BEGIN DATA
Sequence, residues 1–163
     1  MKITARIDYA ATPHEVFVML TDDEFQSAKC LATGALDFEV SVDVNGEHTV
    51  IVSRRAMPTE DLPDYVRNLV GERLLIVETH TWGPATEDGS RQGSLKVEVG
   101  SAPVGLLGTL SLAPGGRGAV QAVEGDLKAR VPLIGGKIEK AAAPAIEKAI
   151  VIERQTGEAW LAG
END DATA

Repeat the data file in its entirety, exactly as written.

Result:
Sequence, residues 1–163
     1  MKITARIDYA ATPHEVFVML TDDEFQSAKC LATGALDFEV SVDVNGEHTV
    51  IVSRRAMPTE DLPDYVRNLV GERLLIVETH TWGPATEDGS RQGSLKVEVG
   101  SAPVGLLGTL SLAPGGRGAV QAVEGDLKAR VPLIGGKIEK AAAPAIEKAI
   151  VIERQTGEAW LAG